ARRS 2022 Abstracts

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E2143. Musculoskeletal Tuberculosis: The Great Masquerader
Authors
  1. Saloni Dagar; University College of Medical Sciences, GTB Hospital
  2. Anupama Tandon; University College of Medical Sciences, GTB Hospital
  3. Shuchi Bhatt; University College of Medical Sciences, GTB Hospital
  4. Siddhi Chawla; All India Institute of Medical Sciences(AIIMS), Jodhpur
  5. Arunima Aggarwal; University College of Medical Sciences, GTB Hospital
  6. Atha Ulla; University College of Medical Sciences, GTB Hospital
  7. Aayush Bhargava; University College of Medical Sciences, GTB Hospital
Background
Tuberculosis (TB) still remains a global epidemic, killing 1.4 million people annually worldwide. Traditionally considered a disease of the poor and the third world countries, the rising number of patients living with HIV, diabetics, organ transplant recipients, and patients receiving cancer chemotherapy has contributed to its resurgence worldwide. Extrapulmonary TB (EPTB) represents 15% of all the reported cases globally, of which musculoskeletal TB accounts for 10–30%, being the third most common site after the pleura and lymphatic system. Vertebral involvement (tuberculous spondylitis or Pott's disease) is the most common form of skeletal TB, accounting for 50% of all musculoskeletal TB. Musculoskeletal TB is often indolent and presents insidiously. It may present without the typical constitutional symptoms, making the diagnosis challenging and delayed. TB may not even be the initial consideration in the differential diagnosis. Concomitant pulmonary involvement may not be present, thus further making the diagnosis elusive. An early diagnosis is important to minimize deformity and enhance outcome. Radiographs may provide early clues to the diagnosis in some cases. Cross-sectional imaging (MRI and/or CT), however, remains a must for evaluating complex anatomy, the entire extent of disease, and its complications. Imaging also helps direct biopsies of affected areas for establishing a definitive microbiological/histopathological diagnosis.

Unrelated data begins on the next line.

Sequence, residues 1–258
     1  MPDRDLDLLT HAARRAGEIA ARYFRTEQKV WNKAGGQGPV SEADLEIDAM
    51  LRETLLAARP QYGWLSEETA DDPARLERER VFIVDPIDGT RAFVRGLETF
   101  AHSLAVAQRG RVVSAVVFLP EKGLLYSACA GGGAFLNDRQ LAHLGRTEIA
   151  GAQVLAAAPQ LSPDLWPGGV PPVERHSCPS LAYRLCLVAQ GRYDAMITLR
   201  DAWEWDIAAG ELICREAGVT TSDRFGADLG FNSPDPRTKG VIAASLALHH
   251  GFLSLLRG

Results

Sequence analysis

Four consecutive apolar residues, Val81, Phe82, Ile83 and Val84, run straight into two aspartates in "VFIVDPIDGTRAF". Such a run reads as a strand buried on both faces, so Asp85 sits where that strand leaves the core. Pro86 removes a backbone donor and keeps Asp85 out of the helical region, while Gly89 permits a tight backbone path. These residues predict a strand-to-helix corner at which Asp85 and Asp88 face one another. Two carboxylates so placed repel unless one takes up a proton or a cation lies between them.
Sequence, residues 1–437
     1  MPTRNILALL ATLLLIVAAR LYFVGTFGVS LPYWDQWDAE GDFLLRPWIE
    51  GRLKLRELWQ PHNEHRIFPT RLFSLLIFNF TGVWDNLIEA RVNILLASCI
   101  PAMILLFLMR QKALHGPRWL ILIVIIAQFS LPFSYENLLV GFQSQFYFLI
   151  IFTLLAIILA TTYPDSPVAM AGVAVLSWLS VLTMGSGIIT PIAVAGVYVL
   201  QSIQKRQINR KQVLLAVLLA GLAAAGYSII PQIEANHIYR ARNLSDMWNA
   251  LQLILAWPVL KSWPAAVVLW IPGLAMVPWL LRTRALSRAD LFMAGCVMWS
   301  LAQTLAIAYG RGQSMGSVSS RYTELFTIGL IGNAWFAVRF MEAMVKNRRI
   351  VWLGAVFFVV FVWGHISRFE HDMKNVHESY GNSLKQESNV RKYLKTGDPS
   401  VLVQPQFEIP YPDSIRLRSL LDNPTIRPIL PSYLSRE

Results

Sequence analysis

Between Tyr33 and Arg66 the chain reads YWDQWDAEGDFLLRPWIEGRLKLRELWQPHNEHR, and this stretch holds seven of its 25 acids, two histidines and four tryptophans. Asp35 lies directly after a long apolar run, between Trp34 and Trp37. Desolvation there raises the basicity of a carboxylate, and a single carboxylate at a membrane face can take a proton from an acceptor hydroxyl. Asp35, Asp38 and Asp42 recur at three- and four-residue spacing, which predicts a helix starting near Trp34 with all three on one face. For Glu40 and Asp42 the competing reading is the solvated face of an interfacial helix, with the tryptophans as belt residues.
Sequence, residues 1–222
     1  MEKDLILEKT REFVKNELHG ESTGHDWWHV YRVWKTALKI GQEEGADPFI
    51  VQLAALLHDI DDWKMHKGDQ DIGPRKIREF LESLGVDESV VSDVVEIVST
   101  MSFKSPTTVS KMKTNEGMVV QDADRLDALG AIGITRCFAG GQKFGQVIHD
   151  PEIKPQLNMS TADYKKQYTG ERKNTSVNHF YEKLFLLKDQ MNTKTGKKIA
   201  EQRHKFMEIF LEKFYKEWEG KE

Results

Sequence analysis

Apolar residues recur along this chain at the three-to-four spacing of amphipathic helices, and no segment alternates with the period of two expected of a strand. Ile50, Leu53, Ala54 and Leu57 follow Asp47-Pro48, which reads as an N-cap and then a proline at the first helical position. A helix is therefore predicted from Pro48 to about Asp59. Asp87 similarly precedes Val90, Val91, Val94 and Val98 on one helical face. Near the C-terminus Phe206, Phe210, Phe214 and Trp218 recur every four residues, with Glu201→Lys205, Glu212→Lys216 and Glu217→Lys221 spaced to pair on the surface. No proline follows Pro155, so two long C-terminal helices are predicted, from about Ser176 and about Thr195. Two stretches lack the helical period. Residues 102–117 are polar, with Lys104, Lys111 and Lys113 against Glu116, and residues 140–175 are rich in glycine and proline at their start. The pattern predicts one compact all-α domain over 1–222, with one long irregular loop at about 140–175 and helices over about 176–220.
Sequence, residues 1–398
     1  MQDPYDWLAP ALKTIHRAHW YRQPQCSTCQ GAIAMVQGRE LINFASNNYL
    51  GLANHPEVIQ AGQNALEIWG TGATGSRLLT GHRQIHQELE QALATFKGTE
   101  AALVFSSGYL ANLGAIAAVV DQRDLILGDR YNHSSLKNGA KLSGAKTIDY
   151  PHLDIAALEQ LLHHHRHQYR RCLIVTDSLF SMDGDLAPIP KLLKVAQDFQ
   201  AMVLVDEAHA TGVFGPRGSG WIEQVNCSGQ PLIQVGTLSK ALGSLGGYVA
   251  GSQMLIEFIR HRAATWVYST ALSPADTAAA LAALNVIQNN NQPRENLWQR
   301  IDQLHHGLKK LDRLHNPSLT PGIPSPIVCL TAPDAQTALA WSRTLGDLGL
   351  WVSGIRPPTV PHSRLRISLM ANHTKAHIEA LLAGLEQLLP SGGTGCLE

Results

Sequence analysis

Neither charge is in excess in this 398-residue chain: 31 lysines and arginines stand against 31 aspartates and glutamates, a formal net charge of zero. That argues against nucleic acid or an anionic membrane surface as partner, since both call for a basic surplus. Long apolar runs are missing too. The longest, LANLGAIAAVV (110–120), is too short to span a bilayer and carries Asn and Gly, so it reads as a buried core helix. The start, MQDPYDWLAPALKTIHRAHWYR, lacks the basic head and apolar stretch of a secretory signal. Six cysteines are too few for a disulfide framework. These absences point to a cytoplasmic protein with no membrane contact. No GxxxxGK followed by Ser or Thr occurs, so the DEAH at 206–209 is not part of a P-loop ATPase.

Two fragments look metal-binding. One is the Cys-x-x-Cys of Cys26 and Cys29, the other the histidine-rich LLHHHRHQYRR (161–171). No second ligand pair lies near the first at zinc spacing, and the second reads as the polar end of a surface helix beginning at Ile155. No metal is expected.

Educational Goals / Teaching Points
The purpose of this review is to illustrate the common and rare presentations of musculoskeletal tuberculosis, familiarizing the practicing radiologist with rare presentations to help raise suspicion in atypical cases. Further, we aim to describe the differential diagnosis of each of these cases and the appropriate work up as well as clinical management.

Key Anatomic/Physiologic Issues and Imaging Findings/Techniques
The presentation, imaging appearance on various modalities (radiographs, ultrasonography, CT, MRI), differential diagnosis, and management of various common and rare presentations of musculoskeletal tuberculosis, in both in adults and children will be discussed. Cases to be discussed in the review include Potts’s spine (paradiscal, anterior, central, and neural arch lesions); tuberculous osteomyelitis of various bones like ribs, sternum, ilium, ischium, humerus; tubercular involvement of joints including hip, knee, shoulder, and elbow; soft tissue lesions like cold abscesses, empyema necessitans, and chest wall lesions mimicking a breast lump.

Conclusion
Through our review, we emphasize the need for better knowledge of musculoskeletal TB and awareness that it may have an unusual presentation. Knowledge of uncommon findings will lead to an early diagnosis and better management, thus improving clinical outcomes.